So this is interesting. By way of the Freakonomics blog at the New York Times, drummer Josh Freese, formerly of Devo, now of A Perfect Circle and Nine Inch Nails, is offering a variety of price packages for his new album. For $7, you can download the album from his website. For $15, you get a CD/DVD. But from there, things get progressively weirder. For $50:
-CD/DVD and digital download.
-THANK YOU phone call, from josh, for buying “since 1972”-You can tell me what you like about my new record you purchased, or what you thought sucked…
Ask whatever you like” Is maynard really that weird?”or”Which of Stings mansions has the comfiest bed?”or” Are DEVO really suburban robots who monitor Reality, or just a bunch of Dads from Ohio?”
or “Why dont the Vandals play more stuff off the first record?”
It’s your five minutes to yack it up- Talk about whatever you want!
All the higher price-point packages are similarly built around personal contact with music celebrities. For $2,500 you get:
– Signed CD/DVD and digital download.
-I give you a drum lesson. Or (for all you non-drummers) I’ll give you a back and foot massage (couples welcome)
– Pick any 1 member of the Vandals or DEVO (subject to availability) to accompany you and I to either the “Hollywood Wax Museum”.
– Or if you’re not into that we can do the lunch buffet at the “Spearmint Rhino”
-A signed DW snare drum.
-Take 3 items of your choice out of my closet (first come, first serve).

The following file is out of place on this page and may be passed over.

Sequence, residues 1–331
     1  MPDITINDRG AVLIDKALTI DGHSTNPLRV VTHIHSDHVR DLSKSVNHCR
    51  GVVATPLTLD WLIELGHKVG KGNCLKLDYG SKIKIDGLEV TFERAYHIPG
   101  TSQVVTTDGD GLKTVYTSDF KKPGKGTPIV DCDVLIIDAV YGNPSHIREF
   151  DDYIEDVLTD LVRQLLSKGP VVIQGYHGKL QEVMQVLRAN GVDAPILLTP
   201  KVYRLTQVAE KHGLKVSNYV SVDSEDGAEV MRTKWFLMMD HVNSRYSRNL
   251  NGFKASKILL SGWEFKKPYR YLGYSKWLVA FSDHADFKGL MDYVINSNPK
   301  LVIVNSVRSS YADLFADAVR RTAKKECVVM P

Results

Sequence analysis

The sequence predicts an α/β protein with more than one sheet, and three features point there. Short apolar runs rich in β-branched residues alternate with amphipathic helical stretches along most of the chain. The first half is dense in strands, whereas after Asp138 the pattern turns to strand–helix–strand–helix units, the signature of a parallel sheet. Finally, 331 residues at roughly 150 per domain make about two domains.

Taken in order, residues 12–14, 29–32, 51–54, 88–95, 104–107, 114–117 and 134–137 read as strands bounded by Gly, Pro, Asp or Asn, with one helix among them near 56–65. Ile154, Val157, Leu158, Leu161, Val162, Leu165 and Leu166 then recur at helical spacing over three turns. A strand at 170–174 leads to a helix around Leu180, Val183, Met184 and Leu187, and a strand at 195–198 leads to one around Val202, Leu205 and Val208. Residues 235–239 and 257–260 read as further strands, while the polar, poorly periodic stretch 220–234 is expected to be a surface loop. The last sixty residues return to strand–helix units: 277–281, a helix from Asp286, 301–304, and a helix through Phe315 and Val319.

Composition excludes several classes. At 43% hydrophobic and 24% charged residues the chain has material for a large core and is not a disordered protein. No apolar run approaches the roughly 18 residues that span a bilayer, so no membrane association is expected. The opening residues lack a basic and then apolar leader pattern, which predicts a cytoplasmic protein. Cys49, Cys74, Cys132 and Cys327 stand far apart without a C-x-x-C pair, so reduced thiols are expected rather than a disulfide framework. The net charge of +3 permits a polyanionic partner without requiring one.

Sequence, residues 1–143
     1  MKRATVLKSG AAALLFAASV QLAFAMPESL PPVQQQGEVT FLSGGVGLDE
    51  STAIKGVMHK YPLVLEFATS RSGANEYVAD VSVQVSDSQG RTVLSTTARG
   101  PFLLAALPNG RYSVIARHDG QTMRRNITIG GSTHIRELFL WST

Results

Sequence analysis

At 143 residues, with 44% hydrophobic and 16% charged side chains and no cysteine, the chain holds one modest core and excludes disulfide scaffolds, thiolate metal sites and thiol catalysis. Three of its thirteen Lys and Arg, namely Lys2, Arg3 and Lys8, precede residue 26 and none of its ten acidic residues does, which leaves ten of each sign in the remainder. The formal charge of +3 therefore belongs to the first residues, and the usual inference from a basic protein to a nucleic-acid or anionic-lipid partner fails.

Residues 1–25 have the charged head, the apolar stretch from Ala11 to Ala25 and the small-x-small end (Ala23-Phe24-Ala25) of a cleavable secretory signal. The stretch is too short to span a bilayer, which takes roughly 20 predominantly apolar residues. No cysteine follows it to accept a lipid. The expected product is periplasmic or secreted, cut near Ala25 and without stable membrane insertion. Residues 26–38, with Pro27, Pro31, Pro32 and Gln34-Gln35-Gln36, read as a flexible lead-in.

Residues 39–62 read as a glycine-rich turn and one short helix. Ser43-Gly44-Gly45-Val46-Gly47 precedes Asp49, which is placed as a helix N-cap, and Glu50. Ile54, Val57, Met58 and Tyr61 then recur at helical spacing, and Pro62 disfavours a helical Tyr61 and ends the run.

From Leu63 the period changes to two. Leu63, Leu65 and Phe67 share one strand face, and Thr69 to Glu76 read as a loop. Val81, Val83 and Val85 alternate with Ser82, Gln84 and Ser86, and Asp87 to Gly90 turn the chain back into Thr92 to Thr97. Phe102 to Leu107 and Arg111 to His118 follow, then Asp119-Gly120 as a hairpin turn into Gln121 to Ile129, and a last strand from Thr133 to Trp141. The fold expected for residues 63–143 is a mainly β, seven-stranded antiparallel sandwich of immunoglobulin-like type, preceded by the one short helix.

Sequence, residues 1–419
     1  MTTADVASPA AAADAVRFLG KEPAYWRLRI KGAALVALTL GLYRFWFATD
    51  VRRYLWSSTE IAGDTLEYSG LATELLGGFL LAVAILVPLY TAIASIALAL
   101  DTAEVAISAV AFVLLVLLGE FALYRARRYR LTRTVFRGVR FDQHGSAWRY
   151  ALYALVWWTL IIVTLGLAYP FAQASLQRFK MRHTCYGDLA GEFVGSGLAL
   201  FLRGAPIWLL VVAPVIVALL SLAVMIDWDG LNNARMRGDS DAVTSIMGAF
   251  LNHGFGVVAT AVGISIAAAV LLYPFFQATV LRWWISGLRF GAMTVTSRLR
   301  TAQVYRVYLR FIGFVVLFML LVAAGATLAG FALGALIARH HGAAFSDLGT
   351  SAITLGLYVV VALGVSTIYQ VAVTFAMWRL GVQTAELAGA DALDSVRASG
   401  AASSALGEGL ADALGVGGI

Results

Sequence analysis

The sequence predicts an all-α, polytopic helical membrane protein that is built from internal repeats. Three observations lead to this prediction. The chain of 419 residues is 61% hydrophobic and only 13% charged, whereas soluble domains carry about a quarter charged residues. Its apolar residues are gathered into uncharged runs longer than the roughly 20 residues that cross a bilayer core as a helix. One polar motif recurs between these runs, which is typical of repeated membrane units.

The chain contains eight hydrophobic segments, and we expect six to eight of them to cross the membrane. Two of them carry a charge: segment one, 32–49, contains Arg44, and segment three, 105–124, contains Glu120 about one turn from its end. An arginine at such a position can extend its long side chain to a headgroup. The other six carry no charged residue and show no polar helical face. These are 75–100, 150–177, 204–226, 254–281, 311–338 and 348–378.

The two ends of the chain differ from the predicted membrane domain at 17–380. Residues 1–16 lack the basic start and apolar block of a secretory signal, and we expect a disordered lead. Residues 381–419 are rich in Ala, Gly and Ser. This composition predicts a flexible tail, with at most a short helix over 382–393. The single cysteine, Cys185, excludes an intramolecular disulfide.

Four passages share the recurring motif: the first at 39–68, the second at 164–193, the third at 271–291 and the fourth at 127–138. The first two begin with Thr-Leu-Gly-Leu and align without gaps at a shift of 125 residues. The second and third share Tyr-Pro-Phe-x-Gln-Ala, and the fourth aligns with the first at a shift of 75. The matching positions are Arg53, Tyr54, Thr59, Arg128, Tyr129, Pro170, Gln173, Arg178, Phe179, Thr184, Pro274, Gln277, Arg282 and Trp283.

-Change diapers and make bottles with me for an afternoon (preferably AFTER the lunch buffet at the Strip club).
It’s not entirely clear, in the upper brackets, whether lunch, drinks, stripper tips, etc. are included in the package price. But if you’ve got $2,500 to throw at a day with the drummer from Devo, then, I guess, who cares?
If you’ve got $75,000 to swing around, Freese will not only record and market a 5-song EP about your life, he’ll also join your band for a month. No, seriously. If you don’t have a band, he’ll be your personal assistant.
The weird combination of celebrity glamour and personal drudgery makes this one of the most fascinating experiments in capitalism I’ve ever seen. It’s a brilliant marketing gimmick, of course (I’m thinking about forking over the seven bucks right now, just because it seems so cheap by comparison), and Freese openly admits that he’s going to videotape most of the more outlandish “prize” activities for use on his YouTube channel. But it also seems to lay bare the process by which musicians actually make money — a staggeringly tiny portion of which has anything to do with recording music, and most of which is a peculiar combination of grueling physical labor and making people feel special.
Bizarre and excellent. I’m tempted to spend the fifty just to ask him why he did it.